The Forgotten Heroes: charity with Ed Miliband and other MPs as patrons spends none of income on charitable activities twice – and only a tiny proportion once

  1. A military charity with Ed Miliband and other MPs as patrons has to date spent only a tiny proportion of its income on charitable activities. Astonishingly, nothing was spent on charitable activities for two years – financial years ending 30 April 2012 and 30 April 2014. While the intervening year wasn’t much better: just 3.1% of the £31 957 income, £1000, went on charitable activities. What’s more, the most recent annual accounts, for financial year ending 30 April 2014, were “qualified” – and for a worrying reason. The chairman, also public contact, has at date of publication failed to provide a satisfactory explanation for the shameful record of spending – or not spending – on charitable activities. The fourth annual accounts are at date of publication overdue at the Charity Commission, itself a sign of a badly-run charity. In fact, The Forgotten Heroes failed to file its accounts on time twice in the previous three years. Two of three MP patrons replied to my enquiries – but neither was willing to account for the consistent underspending on charitable activities. Patron Ed Miliband MP, former Labour leader, didn’t reply to my emails. Nor did patrons The Proclaimers, the Scottish band.
  2. Leeds-based charity The Forgotten Heroes (registered charity number: 1140819) was set up in 2011 by Adam Douglas, an injured Iraq War veteran. Its mission is “to provide the very best support and advice to the carers and families of wounded servicemen and women”, says the website: www.theforgottenheroes.org.uk. The charity isn’t a member of the official umbrella organisation for military charities, the Confederation of Service Charities (Cobseo).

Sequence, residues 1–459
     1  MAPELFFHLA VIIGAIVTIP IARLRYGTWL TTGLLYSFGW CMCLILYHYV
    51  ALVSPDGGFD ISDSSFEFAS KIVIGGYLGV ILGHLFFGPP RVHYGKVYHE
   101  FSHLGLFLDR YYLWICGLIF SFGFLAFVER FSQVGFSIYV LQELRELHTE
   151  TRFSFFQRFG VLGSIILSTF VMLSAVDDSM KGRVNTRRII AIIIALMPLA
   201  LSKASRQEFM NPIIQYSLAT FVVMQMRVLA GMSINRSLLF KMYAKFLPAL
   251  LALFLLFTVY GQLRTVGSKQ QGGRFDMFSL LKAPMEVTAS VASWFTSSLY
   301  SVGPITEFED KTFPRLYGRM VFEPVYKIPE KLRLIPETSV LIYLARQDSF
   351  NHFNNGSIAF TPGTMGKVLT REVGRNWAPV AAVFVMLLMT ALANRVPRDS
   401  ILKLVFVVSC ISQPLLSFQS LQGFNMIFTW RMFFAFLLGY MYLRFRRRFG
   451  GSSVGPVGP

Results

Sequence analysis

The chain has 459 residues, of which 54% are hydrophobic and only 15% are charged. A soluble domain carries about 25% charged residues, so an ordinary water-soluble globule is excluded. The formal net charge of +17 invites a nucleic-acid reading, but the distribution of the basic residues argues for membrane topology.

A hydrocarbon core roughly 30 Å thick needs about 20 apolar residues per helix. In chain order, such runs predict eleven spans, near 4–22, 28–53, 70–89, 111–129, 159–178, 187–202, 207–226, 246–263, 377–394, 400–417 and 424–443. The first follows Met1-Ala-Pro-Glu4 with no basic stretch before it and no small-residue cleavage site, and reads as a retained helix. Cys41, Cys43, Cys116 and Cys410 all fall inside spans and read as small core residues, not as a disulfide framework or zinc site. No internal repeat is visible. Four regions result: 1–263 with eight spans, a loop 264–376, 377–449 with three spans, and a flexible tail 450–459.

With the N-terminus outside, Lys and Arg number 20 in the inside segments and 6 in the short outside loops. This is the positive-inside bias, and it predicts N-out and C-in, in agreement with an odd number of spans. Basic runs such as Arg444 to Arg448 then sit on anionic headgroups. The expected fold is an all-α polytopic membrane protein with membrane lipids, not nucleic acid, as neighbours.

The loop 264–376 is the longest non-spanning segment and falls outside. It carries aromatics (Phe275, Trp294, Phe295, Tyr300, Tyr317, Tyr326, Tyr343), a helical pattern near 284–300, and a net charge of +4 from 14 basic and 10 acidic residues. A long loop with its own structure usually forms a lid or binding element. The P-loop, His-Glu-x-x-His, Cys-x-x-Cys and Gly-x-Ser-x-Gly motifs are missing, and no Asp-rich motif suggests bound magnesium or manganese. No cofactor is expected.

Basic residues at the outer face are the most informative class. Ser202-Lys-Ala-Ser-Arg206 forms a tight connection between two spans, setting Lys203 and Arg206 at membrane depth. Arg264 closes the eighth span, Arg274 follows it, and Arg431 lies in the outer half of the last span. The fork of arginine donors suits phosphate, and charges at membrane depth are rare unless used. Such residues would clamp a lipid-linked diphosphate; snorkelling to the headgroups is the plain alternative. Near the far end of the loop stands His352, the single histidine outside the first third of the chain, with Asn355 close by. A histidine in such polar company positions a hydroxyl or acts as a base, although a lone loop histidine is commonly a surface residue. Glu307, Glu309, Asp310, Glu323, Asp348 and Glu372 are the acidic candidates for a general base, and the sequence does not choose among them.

3. The Forgotten Heroes has impressive and serious patrons, including several MPs from different parties; and, somewhat incongruously, The Proclaimers, the Scottish band.
  4. Yet the charity has to date spent only a tiny proportion of its income on charitable activities. Astonishingly, nothing was spent on charitable activities for two years – financial years ending 30 April 2012 and 30 April 2014. While the intervening year wasn’t much better: just 3.1% of the £31 957 income, £1000, went on charitable activities.
  5. What’s more, the most recent annual accounts, for financial year ending 30 April 2014, were “qualified” – and for a worrying reason. Qualified accounts are accounts questioned by an independent assessor. Here the independent examiner’s qualified statement is serious: “The trustees have prepared accounts which report income of £26 665 and expenditure of £21 900. However, limited records are available to support the transactions within the charity’s bank account upon which these accounts are based. The absence of accounting records follows a change in the composition of the board of trustees with the new board unable to locate the records maintained by the previous treasurer.” Clearly, the reason for the qualification raises serious questions about the charity and its management, financial and otherwise.